Names at the top of the polls for city council were familiar ones.
The voters appeared to appreciate experience on their council, electing incumbents Alan Harrison, Ken Jamieson, Debbie Cannon and Chad Eliason, in addition to Marg Kentel, who has extensive experience from previous councils. Denise Reimer is the sole rookie at the table.
When it comes to priorities, most councillors mention the upcoming budget process as a focus, plus wanting to make progress on the Downtown College Campus initiative and the performing arts centre.
Harrison returns to his seat on council, handily topping the polls.
“It feels pretty humbling,” he said shortly after the results came through. “There were so many good candidates in this election, any of them could have been good councillors. I really didn’t know how this was going to go. I’m happy and humbled.”
Harrison says he’s ready to return, noting each new group of councillors brings a new dimension to the table, which is a benefit to the entire community.
“It looks like a functional council, they are all people I can work with. It’s re-energizing,” says Harrison.
Ken Jamieson, who was elected to his second consecutive term on council, is also pleased with the new group.
“I think because there were so many candidates, there are so many scenarios that could have happened. Quite honestly I think this is a good one… I see this as a very positive collection of people.”
Jamieson also served on council in 1987 and ‘88.
He said the outgoing council, although there were differences of opinion, was very functional. He hopes this one will be too.
“I think it’s important we work together and look forward to each others’ views.”
Marg Kentel returns to council after a three-year break since she ran unsuccessfully for mayor in 2008. Prior to that, she served for 15 years and five consecutive terms on council.
She was a little surprised by the results.
“But I do believe we have a group that will work together that will look out for Salmon Arm’s future.”
She said she has a lot of background supporters who urged her to run again.
“It has just taken so long for anything to get done over the last term. I wanted to be part of wanting to move stuff ahead again.”
And she said she will not have a narrow focus.
“People know if I’m going to work towards something, I have the vision for the whole community. I’ve never leaned toward a single group. I have been told I’m pro-business, but who’s anti-business?”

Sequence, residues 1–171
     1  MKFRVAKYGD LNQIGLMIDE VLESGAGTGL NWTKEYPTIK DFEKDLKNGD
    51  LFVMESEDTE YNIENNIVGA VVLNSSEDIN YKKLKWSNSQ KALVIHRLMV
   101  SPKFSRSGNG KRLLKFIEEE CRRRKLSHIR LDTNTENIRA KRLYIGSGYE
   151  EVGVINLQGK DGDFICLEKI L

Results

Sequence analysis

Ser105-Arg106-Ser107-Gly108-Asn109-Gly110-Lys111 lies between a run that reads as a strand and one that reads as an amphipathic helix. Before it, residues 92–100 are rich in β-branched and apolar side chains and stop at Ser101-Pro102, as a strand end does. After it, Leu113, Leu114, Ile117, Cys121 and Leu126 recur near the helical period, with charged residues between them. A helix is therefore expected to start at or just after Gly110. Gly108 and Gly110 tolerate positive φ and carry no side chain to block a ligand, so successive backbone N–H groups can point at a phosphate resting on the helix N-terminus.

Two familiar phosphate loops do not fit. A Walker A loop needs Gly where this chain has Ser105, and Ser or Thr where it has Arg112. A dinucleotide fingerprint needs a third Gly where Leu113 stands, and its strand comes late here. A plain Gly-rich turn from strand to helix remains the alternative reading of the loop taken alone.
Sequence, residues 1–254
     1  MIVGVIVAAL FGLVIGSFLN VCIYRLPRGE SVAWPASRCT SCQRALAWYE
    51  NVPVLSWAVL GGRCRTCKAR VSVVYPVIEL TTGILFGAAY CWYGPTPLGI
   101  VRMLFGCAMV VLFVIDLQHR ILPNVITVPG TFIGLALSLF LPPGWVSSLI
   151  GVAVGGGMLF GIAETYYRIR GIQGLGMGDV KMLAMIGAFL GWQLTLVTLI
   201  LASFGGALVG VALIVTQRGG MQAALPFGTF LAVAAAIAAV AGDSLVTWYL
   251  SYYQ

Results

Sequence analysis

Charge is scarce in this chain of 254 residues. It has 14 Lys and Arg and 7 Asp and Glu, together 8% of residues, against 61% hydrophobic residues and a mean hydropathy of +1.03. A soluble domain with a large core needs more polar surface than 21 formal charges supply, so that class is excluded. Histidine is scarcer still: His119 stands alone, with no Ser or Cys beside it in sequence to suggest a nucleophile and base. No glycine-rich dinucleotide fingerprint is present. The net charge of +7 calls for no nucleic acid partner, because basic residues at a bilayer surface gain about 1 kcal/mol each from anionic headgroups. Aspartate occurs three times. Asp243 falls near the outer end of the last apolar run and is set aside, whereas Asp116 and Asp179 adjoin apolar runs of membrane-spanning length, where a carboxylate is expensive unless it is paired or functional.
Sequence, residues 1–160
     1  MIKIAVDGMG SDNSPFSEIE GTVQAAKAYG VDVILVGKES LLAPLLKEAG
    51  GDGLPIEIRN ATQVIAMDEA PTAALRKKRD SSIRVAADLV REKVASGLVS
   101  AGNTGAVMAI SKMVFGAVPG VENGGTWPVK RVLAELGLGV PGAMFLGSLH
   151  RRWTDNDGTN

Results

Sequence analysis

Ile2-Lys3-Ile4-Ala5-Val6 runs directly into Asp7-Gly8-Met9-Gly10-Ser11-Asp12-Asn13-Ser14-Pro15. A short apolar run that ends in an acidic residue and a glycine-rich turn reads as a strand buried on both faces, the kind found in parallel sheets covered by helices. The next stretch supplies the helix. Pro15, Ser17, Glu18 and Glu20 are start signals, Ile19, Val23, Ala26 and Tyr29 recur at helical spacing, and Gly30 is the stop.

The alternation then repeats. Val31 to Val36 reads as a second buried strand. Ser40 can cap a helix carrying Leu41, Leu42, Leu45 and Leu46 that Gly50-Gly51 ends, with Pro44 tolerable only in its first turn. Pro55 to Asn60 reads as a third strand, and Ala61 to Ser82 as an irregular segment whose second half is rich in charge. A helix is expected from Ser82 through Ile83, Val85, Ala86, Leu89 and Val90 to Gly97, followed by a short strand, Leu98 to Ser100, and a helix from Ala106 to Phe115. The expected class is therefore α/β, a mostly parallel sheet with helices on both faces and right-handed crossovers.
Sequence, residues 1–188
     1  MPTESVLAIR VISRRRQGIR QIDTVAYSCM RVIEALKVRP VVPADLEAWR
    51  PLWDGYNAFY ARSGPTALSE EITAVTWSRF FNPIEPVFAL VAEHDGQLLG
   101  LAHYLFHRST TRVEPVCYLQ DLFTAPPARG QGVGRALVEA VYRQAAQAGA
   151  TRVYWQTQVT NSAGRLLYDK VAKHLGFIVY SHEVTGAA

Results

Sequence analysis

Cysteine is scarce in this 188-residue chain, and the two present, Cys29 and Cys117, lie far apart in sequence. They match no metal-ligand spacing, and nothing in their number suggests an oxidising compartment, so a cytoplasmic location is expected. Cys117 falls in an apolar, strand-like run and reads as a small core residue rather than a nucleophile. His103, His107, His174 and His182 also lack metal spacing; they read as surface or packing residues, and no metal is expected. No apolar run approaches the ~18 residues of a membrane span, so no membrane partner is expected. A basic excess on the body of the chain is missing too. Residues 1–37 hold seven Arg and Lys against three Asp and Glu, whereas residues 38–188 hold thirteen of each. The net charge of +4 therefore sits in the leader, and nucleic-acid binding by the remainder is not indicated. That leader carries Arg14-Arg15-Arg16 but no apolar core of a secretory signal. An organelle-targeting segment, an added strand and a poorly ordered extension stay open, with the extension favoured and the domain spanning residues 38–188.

Debbie Cannon has had more on her mind this election than regaining her seat.
During the campaign, her daughter Kailey, who had recently begun graduate studies in Ottawa, was diagnosed with a tumour on three vertebrae in her neck. She was transferred to a specialist in Edmonton and the family is now awaiting word on whether the tumour is malignant or benign.
“It has been such a roller-coaster, so I wasn’t able to put the attention into the campaign that I might have otherwise,” she says. “I was pretty excited to see the results, that the voters still supported me.”
Having been the lone woman on council in the last administration, Cannon is pleased to be a part of history as women make up the majority at the table. She notes, however, that Kevin Flynn will be missed.
“He was articulate and a hard worker and had a lot of insight into finances, insurance and benefits that I think really helped all the councillors.”
Cannon hopes to carry on Flynn’s primary objective of creating a strategic plan for the city.
“We need to do that right at the outset, so we are not just turning our wheels.”
As the lone rookie, Denise Reimer is prepared to ask a lot of questions and do her research.
“It’s a bit daunting because everyone has been there before, but they all started somewhere too. I’m up for the challenge.”
Reimer says the advantage is she will be able to draw on the experience of her fellow councillors for information.
As her first order of business, Reimer wants to make progress on the Sensitive Environmental Habitat inventory.
Chad Eliason says it feels good to “squeak in” as the final person to make the cut, with 66 more votes than Warren Bell.
“I’m happy, I know I’ve brought in some things, like recycling, that have not made everyone happy, but I think will benefit the city in the long term,” he says. “We’ve had some really difficult issues over the last six years, so it is great to hear from the voters they have thought you have been doing a good job.”
Incumbent councillor Ivan Idzan was not re-elected after serving the past two terms on council.
He was, however, pleased to see four women elected, noting that the Federation of Canadian Municipalities has been pushing for more women in politics.
“It’s a great thing – it almost puts Salmon Arm in a class of its own… Salmon Arm, for once, is quite ahead of the curve.”
He said he appreciates those who voted for him and jokes that perhaps it was meant to be.
“I have two I’s in my name, I is the ninth letter in the alphabet and I placed in ninth place.”
He would like to see the new council get the city website overhauled, and work on improving community relations and communications so citizens can’t say they’re not aware of what’s going on. He also likes the proposal of having a strategic plan to guide council.